(36d) Assessment of the Abrasiveness of Biomass and MSW Feedstock Particulate Materials | AIChE

(36d) Assessment of the Abrasiveness of Biomass and MSW Feedstock Particulate Materials


Ajayi, O. - Presenter, Argonne National Laboratory
Fenske, G., Argonne National Laboratory
Qu, J., Oak Ridge National Laboratory
Keiser, J., Oak Ridge National Laboratory
Lacey, J. A., Idaho National Laboratory
Thompson, V., Idaho National Laboratory
Kuns, M., Idaho National Lab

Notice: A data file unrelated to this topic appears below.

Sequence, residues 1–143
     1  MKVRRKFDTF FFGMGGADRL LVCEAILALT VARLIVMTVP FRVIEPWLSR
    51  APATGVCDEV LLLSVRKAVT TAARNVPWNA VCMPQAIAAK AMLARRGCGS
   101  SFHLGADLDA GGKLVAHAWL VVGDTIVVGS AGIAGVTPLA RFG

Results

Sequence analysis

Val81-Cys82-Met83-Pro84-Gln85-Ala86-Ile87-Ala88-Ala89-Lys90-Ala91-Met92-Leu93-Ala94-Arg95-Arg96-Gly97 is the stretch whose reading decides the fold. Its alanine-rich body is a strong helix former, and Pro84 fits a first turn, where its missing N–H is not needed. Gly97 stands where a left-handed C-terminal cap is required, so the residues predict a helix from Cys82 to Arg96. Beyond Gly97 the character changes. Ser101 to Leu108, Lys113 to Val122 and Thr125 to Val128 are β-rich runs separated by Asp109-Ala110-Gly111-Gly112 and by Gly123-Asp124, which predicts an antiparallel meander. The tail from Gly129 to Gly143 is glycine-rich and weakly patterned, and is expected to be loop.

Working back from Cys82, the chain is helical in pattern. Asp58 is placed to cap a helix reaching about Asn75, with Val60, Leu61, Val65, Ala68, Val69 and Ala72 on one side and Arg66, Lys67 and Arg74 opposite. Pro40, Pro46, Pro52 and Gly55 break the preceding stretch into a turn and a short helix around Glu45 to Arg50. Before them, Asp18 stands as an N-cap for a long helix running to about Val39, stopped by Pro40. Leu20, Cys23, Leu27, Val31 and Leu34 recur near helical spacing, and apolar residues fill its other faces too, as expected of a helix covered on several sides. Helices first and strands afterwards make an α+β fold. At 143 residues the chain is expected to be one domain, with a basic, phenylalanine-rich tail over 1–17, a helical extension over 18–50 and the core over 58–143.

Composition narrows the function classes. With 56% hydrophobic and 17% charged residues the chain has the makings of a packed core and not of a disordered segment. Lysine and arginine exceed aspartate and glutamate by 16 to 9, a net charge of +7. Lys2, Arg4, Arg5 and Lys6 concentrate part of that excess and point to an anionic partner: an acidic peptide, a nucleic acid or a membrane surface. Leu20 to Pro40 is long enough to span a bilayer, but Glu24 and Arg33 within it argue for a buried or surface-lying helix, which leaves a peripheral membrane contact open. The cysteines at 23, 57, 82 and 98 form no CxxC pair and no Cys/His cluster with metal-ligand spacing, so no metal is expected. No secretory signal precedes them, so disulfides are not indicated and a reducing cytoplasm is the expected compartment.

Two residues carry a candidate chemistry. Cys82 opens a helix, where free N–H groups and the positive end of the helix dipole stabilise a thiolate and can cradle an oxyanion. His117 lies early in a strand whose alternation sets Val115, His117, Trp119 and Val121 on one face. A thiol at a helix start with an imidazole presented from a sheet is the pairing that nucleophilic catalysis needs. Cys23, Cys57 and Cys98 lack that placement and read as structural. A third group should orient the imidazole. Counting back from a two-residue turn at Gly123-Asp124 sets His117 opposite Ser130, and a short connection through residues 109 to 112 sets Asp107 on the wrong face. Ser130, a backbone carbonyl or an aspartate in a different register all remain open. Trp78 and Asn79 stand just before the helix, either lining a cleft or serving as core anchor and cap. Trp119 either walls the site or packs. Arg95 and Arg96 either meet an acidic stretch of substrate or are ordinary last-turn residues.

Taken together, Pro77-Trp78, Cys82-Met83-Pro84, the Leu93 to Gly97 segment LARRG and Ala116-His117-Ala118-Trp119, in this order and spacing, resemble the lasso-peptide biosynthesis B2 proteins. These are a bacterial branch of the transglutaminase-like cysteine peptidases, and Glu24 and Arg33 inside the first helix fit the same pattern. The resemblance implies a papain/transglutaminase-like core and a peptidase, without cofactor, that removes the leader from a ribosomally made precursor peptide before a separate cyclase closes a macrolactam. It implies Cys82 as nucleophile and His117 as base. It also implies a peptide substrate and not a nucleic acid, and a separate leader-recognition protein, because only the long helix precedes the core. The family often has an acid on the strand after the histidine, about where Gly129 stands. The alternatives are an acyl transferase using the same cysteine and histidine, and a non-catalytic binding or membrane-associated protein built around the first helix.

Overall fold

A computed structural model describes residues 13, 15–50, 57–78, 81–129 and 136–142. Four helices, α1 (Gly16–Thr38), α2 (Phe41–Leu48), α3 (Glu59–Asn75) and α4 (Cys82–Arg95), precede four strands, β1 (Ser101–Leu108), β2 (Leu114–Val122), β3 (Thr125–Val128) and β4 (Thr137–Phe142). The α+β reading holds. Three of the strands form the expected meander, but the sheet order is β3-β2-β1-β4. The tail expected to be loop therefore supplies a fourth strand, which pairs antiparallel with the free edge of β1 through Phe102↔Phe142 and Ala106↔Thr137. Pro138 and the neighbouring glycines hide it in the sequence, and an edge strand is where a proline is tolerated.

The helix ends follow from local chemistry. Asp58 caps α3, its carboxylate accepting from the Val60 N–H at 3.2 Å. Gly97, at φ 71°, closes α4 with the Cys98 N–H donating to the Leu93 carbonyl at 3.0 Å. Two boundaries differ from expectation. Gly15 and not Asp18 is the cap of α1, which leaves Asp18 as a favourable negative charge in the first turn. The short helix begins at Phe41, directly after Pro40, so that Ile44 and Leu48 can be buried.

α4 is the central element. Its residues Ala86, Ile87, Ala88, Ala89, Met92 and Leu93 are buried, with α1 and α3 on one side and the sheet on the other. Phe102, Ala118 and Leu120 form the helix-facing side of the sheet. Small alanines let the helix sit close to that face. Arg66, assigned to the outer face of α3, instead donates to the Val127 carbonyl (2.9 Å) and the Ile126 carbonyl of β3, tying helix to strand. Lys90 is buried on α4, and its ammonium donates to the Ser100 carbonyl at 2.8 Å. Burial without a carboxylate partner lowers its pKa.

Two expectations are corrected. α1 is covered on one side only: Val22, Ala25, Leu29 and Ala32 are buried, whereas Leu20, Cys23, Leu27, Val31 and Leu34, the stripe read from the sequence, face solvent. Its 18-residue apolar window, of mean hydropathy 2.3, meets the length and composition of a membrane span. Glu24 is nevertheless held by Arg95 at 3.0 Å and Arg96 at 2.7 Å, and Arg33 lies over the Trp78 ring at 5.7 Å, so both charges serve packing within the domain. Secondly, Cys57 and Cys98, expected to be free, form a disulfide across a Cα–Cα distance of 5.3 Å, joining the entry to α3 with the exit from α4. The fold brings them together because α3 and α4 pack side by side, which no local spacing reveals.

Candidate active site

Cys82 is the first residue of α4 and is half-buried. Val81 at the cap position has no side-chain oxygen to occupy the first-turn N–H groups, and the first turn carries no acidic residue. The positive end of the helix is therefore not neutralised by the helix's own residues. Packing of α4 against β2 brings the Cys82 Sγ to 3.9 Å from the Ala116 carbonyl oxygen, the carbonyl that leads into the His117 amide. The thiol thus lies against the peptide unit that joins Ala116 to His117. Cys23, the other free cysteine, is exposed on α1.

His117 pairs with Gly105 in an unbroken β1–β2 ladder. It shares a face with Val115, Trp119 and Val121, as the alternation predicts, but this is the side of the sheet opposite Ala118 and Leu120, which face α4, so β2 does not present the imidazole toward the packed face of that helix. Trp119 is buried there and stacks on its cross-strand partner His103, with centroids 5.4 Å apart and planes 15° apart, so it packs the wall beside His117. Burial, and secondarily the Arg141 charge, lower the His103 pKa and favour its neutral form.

Various components in equipment for handling and preprocessing of biomass and MSW feedstock materials are susceptible to excessive wear. This will adversely affect the quality and throughput of different unit operations producing feedstock particles for different downstream conversation processes. Mitigation of wear issues in these various components is the primary focus of FCIC task 1 team. Abrasive and erosive wear modes have been identified as the predominant wear mechanisms in these components. Because of the complex nature of biomass and MSW feedstock in terms of variabilities in compositions and levels of contamination, the wear produced by interaction between preprocessing equipment and feedstock particulate materials is also complex. In order to effectively address the wear issues in these preprocessing equipment, there is a need for an effective method or test protocol to evaluate the performance of different materials and surface treatments being developed to address the wear in materials of construction of the equipment. When possible, the use of a standard test method is always preferable for several reasons: test methods have been vigorously evaluated; repeatability of results tends to be better documented and understood; and occasionally, previous data exists allowing comparison of results. For 3 body abrasive wear testing by particulate materials, the ASTM G 65 –Dry Sand Rubber Wheel Abrasion test is the most commonly used standard test. This test is commonly used to evaluate and rank the abrasive wear resistance of metallic materials subjected to low stress abrasion in service such as agricultural tools, construction and mining equipment. As the name indicates, the standard abradant in ASTM G 65 is 50/70 mesh silica sand. However, the test method can be appropriated to evaluate the abrasiveness of different particulate materials, such as biomass and MSW particles, instead of standard sand. This paper presents our adaptation of the ASTM G 65 –Dry Sand Rubber Wheel Abrasion test protocol to assess the abrasiveness of pine particle biomass and MSW particulate materials. Tests were conducted with three types of abradants namely (1) the standard AFS 50/70 silica sand with an average mesh size of 212-300 µm; (2) loblolly pine biomass particles with sieve of 2 mm; and (3) paper-rich MSW with an average of 2 mm particle size. 1045 steel plate was used as the test material. All the three particulate produced measureable amount of wear. Although there were significant differences in the amount of wear by different type of particles, optical microscopy of the worn surfaces confirmed the mechanism of wear in tests with all type of particles was abrasion. The result of this study demonstrates the applicability of a standard ASTM test method for the evaluation and assessment of the abrasiveness of biomass and MSW particulate materials.